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Teaching your kids about 9/11: Things to say by age

As the nation marks the 20th anniversary of the Sept. 11 terror attacks, how do you teach children about the impacts of that day?

TAMPA, Fla. — Saturday marks the 20th anniversary of the 9/11 terrorist attacks that claimed the lives of 2,977 people at the World Trade Center, the Pentagon and in Somerset County, Pennsylvania. 

In the two decades since the attacks, an entire generation of children has grown up in a world after the act of terrorism changed the United States. 

Children in school weren't born until years after the attacks. Because of this, how exactly do you teach them about the tragic day? 

Here are tips on how to explain the events and significance of Sept. 11, 2001, across different age groups. 

For preschoolers

First, find out what they know. "I always recommend asking what they know first, regardless of age," Dr. Lori Walsh, a clinical psychologist told the "Today" show. "Start with, 'Have you heard of 9/11?' That gives you a great jumping-off point." 

Walsh then says parents should clear up any misconceptions they have about the day and keep it simple and succinct. There isn't any need to go into specific horrors or graphic details. 

Walsh also said parents should end any conversation with the "message that they don't need to worry." 

For elementary-aged students

As with younger children, find out what they know about Sept. 11 before you go into the topic. 

Therapist Alyson Schafer told Parents magazine that it's important to give information using age-appropriate language. 

"For young children, you might say, 'September 11 is a day when a big tragedy happened and lots of people died and it makes people very sad to remember,'" Schafer told the magazine.

The 9/11 Memorial & Museum says you should always answer questions about the attacks with facts. Again, as with even younger children, they likely won't understand the big picture yet. You should also avoid showing or discussing anything too graphic about the tragedy.

"It is important, then, to answer children’s questions about what happened with basic facts and age-appropriate language; don’t try to share all the information you know. Point older children to reliable sources of information for further research."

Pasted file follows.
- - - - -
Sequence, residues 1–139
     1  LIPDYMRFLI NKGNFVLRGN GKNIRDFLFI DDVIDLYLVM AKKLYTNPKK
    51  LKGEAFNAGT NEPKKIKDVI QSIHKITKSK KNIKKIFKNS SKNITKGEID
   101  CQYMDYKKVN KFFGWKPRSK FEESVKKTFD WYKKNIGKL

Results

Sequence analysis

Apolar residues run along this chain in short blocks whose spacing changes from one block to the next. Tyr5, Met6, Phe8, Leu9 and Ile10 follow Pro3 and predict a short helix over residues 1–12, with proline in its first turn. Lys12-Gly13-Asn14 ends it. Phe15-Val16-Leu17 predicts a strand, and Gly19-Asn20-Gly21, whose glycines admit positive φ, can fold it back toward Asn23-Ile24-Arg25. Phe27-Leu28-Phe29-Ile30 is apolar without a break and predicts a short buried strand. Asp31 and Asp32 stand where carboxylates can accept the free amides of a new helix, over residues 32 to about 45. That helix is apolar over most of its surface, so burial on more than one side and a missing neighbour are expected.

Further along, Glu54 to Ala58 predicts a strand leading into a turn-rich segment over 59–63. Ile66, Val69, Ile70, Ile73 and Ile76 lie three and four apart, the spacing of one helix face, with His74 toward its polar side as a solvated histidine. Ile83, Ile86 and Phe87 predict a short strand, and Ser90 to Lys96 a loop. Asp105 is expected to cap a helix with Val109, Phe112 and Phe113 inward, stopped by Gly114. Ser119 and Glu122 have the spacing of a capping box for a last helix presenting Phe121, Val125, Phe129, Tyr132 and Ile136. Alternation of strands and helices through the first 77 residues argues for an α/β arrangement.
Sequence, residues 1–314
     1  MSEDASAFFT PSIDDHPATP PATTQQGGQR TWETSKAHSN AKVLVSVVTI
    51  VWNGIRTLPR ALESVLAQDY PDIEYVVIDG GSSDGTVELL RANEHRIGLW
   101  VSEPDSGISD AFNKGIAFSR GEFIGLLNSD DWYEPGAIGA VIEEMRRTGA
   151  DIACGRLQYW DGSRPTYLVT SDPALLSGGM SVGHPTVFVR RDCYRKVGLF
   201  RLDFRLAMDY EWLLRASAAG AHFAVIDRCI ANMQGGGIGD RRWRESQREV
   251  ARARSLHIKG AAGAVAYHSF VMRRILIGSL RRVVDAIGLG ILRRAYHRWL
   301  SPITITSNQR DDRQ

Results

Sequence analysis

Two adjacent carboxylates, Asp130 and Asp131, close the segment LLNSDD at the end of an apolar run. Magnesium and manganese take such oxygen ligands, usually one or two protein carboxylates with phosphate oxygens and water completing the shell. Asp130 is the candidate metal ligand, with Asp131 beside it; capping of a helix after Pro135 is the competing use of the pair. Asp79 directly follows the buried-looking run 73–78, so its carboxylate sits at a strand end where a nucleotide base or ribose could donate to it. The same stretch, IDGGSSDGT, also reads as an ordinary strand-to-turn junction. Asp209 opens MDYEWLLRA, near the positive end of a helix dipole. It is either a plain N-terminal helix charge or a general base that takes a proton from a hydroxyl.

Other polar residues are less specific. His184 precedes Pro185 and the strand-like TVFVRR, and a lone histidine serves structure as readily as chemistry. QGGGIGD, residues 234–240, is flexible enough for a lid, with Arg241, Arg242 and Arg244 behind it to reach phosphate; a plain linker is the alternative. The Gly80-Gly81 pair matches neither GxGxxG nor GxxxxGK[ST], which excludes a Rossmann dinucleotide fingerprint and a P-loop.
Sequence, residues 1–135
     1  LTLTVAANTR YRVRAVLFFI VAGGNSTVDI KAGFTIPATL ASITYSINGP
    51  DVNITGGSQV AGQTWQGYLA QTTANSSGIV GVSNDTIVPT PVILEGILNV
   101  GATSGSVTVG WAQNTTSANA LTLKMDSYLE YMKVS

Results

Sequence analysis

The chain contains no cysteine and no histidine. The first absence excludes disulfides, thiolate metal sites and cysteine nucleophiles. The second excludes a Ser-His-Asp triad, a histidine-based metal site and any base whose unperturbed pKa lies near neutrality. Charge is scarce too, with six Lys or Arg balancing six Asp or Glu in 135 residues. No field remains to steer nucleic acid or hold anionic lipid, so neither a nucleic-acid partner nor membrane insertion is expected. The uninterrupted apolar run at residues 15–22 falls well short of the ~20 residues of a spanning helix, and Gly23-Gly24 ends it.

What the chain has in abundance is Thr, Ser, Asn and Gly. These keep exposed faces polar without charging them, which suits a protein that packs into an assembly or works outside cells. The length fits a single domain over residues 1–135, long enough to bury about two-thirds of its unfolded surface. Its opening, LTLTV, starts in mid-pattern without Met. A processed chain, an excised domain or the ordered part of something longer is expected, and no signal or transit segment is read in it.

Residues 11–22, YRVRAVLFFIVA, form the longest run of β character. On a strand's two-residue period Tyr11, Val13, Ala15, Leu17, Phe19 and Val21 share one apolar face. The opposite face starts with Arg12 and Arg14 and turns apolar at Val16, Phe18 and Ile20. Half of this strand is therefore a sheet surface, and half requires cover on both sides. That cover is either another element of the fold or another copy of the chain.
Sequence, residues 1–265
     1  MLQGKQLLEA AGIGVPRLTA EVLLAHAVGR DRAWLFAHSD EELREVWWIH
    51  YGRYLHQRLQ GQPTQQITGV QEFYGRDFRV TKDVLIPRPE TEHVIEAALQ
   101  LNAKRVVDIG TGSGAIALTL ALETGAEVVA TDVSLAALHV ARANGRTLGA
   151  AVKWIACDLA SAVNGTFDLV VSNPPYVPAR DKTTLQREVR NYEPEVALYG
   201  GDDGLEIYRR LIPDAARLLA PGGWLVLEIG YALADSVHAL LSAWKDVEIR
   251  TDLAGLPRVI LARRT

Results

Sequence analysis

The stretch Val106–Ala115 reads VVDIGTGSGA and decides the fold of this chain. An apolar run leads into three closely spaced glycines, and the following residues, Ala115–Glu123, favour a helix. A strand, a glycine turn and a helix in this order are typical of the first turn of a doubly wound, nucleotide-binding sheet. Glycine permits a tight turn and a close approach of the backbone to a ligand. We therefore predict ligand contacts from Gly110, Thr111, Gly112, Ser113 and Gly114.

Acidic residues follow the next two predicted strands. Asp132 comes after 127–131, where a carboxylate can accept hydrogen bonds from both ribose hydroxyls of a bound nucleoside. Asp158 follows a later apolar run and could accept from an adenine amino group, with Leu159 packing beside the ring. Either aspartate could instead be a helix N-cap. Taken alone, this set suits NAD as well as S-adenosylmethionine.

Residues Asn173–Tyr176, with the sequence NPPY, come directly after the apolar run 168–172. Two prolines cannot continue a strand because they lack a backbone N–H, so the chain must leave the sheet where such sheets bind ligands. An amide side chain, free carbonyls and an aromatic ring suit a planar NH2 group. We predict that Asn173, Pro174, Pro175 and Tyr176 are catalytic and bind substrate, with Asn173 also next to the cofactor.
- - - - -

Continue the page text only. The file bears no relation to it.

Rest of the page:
Also, you should ask them what they think and share their feelings. 

For middle and high schoolers

Kids and teens in middle and high school can have more nuanced conversations about the tragic day itself and some of the context surrounding it, such as what terrorism is.

Walsh suggests limiting exposure to graphic video and images. 

"Try as much as possible to steer them away from sensationalized coverage," Walsh told "Today." "Find some tasteful images that aren't exploitative or overly graphic."

The 9/11 Memorial & Museum says parents shouldn't avoid having difficult conversations with their children. 

"Parents and caregivers understandably don’t want to cause anxiety and distress in their children. This often results in shying away from difficult conversations that we presume will provoke these emotions. It is terrorism itself, though, that is upsetting, not the conversations about terrorism. Invite the conversation with open-ended questions, such as 'What would you like to know?' or 'How does this make you feel?' Let the child’s interests and thoughts guide the conversation."

The 9/11 Memorial & Museum said it's also important for parents to acknowledge to their children, no matter how old, that we don't have all the answers. And, that's it's all right not to know the answer to every question. 

"If you can’t answer your child’s question, be honest. Use the opportunity to model yourself as a learner, and explore the question together," the site reads.

Parents should also be attuned to their child's emotional state. "Children who have experienced trauma or loss, even if unrelated to terrorism, are at a higher risk of experiencing distress." 

For more information and resources, click here

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